Do Honey Bees Bite Humans? Here’s The Answer

Have you ever wondered if bees can bite? In the realm of bee-related discoveries, researchers recently stumbled upon a remarkable finding—bees possess the unexpected ability to bite.

Bees employ biting as a crucial defense mechanism to safeguard their hives from wax moths and ward off smaller threats that are immune to stinging. Despite being underestimated, biting proves to be an effective and commonly used function among different bee species for protection and survival.

Do Honey Bees Bite Humans? Here's The Answer

In this article, we’ll discover the answers to this puzzling question, do bees bite? And also add some fascinating facts about these industrious creatures. Join us as we explore the world of bee bites and uncover their remarkable capabilities.

Who Discovered that Bees Can Bite?

In an unexpected turn of events, a team of Greek and French researchers stumbled upon a remarkable finding—the revelation that bees possess the surprising ability to bite. 

This accidental discovery unfolded during their study on the wax moth, a notorious threat to bees and their hives. By employing the natural chemical 2-Heptanone, which bees produce, the researchers intended to combat this persistent pest. 

However, the true impact of this chemical turned out to be quite different from what they initially expected. This captivating revelation led them down a path of further investigation, shedding light on a fascinating aspect of bee behavior.

Upon conducting extensive tests and analysis, the team made an intriguing observation: bees resort to biting when confronted with adversaries too small to be stung. This behavior serves as an adaptive defense mechanism, enabling bees to combat threats that would otherwise be immune to their stingers. 

Notably, any bee equipped with mandibles—strong jaws designed for various tasks—has the potential to deliver a bite. This includes honeybees, stingless bees, and other bee species with mandibles.

The discovery of bees’ biting capability adds a new layer of understanding to these industrious insects. Beekeepers and those engaged in interactions with bees now have valuable insights into the multifaceted nature of their defensive responses. 

Understanding the interplay between biting and stinging behaviors is crucial for effectively managing and working with bees, ensuring the well-being of both the bees themselves and those involved in apicultural practices.

Can Bees Bite You? 

Did you ever wonder if bees bite? While not a widespread occurrence, it’s worth exploring the intriguing truth behind bee bites.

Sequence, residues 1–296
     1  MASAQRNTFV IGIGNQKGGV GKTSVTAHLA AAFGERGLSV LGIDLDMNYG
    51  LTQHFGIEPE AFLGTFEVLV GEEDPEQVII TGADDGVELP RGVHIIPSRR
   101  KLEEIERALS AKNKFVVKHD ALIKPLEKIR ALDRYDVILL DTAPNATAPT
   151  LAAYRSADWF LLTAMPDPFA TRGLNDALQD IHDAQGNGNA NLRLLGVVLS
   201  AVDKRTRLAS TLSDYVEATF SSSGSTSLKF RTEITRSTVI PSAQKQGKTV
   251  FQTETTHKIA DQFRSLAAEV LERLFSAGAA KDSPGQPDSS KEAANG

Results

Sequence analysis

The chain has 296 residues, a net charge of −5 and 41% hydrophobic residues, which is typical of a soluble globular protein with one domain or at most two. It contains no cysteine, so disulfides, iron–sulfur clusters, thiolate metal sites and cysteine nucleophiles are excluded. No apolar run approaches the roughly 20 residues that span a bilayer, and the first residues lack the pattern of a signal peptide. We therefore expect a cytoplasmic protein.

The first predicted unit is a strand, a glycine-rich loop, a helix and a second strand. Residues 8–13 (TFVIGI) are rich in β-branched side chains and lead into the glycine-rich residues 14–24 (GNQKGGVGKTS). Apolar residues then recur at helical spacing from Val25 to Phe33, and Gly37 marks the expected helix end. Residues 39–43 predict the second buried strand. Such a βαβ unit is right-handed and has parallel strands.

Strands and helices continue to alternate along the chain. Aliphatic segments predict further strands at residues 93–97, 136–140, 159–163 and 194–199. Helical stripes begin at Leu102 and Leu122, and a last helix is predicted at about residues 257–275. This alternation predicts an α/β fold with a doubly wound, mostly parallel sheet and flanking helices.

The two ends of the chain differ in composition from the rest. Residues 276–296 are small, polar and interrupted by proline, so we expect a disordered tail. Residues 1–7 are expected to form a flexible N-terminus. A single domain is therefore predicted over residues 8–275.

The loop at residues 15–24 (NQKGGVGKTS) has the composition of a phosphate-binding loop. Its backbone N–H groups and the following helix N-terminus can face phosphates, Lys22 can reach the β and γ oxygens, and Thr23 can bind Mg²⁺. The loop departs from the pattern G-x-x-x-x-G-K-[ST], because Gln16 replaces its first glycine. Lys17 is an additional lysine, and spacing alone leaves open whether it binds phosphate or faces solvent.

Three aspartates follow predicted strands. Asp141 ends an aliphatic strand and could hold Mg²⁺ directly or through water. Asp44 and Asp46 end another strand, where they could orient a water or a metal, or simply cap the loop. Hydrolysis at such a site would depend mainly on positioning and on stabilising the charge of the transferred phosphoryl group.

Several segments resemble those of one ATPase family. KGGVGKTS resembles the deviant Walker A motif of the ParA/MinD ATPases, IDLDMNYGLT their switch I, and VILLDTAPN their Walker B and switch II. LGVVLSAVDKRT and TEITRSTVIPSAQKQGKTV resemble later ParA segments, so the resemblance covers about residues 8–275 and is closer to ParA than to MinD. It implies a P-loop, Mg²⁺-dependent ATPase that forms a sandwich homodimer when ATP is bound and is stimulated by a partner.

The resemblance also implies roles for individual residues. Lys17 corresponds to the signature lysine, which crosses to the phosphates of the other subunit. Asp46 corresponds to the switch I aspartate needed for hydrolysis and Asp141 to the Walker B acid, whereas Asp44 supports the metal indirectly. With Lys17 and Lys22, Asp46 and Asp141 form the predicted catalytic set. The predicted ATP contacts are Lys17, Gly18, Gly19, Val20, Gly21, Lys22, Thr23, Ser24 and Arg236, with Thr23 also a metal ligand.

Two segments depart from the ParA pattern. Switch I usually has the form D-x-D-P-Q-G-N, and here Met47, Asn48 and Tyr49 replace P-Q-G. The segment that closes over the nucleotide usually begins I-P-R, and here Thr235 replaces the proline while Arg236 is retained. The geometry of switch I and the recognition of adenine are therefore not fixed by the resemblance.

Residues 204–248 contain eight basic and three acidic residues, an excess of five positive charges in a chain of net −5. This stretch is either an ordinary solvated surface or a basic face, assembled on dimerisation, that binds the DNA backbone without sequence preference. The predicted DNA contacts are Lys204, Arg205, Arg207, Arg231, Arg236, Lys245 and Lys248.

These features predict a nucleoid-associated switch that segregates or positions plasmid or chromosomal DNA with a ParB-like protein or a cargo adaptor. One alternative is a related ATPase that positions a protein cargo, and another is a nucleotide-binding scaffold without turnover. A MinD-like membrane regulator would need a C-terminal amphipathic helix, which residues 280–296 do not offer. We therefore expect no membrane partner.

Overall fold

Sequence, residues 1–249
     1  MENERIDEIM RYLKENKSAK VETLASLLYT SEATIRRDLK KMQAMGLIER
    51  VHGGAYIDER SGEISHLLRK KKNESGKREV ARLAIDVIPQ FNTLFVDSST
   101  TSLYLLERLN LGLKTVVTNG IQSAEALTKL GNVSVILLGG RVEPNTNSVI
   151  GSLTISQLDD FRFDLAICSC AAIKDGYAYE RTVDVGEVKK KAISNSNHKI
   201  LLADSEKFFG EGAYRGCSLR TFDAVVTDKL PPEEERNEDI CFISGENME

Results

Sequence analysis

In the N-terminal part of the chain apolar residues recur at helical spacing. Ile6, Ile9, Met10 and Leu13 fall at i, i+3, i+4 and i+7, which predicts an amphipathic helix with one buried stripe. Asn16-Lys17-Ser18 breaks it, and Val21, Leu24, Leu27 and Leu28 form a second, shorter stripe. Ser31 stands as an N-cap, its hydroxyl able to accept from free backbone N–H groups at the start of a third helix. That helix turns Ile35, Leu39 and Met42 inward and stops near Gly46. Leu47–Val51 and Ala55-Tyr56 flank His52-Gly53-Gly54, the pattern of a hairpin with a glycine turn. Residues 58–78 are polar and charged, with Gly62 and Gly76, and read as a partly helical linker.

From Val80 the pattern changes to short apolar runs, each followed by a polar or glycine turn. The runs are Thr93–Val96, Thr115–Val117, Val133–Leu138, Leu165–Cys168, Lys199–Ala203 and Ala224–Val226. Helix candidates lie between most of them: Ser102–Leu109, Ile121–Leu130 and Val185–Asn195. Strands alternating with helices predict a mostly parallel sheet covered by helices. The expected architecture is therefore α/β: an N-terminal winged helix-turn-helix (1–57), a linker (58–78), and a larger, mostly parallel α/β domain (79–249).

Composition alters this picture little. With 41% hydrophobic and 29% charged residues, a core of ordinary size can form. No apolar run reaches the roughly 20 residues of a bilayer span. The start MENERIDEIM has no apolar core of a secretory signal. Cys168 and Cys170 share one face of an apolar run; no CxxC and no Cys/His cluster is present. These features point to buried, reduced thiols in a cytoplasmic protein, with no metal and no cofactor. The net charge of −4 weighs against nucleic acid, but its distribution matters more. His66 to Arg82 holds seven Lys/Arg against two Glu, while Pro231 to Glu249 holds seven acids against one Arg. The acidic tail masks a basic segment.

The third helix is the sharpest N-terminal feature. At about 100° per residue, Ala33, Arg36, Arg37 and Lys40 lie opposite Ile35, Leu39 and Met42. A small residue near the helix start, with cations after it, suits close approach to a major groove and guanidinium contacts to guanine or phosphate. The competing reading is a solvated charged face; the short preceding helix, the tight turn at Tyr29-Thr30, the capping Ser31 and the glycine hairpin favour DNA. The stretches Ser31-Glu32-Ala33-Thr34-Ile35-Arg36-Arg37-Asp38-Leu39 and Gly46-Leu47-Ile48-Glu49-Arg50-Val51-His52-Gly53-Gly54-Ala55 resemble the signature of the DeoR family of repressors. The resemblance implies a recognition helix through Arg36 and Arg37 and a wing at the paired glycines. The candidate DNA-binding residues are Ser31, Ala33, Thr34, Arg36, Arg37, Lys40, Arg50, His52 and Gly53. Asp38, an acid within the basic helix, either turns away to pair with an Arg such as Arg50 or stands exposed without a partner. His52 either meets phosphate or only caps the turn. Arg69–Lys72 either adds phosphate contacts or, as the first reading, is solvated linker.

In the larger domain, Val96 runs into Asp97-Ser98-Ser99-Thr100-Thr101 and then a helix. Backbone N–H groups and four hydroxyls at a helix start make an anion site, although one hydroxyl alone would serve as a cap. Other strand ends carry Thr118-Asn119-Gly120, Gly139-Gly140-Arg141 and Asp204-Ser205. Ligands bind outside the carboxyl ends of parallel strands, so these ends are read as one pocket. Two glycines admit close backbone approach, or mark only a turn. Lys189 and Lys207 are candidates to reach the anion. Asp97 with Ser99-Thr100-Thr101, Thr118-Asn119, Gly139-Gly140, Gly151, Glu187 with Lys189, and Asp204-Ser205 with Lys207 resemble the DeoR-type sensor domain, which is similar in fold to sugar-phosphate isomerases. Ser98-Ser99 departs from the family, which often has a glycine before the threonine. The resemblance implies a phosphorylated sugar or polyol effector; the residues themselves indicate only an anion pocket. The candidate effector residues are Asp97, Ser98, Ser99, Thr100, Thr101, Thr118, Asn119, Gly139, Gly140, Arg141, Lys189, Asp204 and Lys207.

In certain situations, particularly when faced with smaller creatures that are beyond the reach of their stingers, honey bees resort to an alternative defense mechanism—a bite. These bites occur when a bee employs its mandibles, the “jaws” of the insect, to seize the target.

Mandibles are fascinating structures that allow bees to grasp objects with precision. In the case of honey bees, their mandibles are equipped with distinctive grooves, resembling teeth, which aid in their gripping capabilities.

Interestingly, when a bee bites, its mandibles may release chemicals. These chemical secretions, originating from glands within the mandibles, add an aspect to the biting behavior of bees.

While bee bites may not be commonplace, understanding this lesser-known aspect of their behavior sheds light on the multifaceted nature of these remarkable creatures.

Can Bees Bite Humans?

Although bees do not frequently bite humans, it can occur. Most people associate bees with their stingers because they tend to sting humans when they are aggressive, rather than biting them. This sting can be deadly for certain bee species as it causes their abdomens to rupture when they fly away.

However, some bees do not possess stingers but can still bite humans.

So, what happens when a bee bites you?

When a bee bites you, it injects an anesthetic chemical into your body. This chemical can paralyze certain small creatures, but the dosage is not sufficient to have such an effect on humans.

To release this chemical, the bee’s mandibles must break through your skin. If the mandibles fail to break the skin, the chemical cannot be released.

What Kinds of Bees Bites?

Bees are generally not known for biting. However, certain types of bees can bite if they feel threatened or provoked. These include:

1. Carpenter Bees

While they primarily use their mandibles (jaws) to chew through wood to create nesting sites, they are also capable of biting if they perceive a threat.

2. Leafcutter Bees

Leafcutter bees have strong mandibles that they use to cut leaves for constructing their nests. Although their bite is not typically aggressive, they may bite if they feel threatened.

Differences Between Bees Bite and Bees Sting

Bee StingBee Bite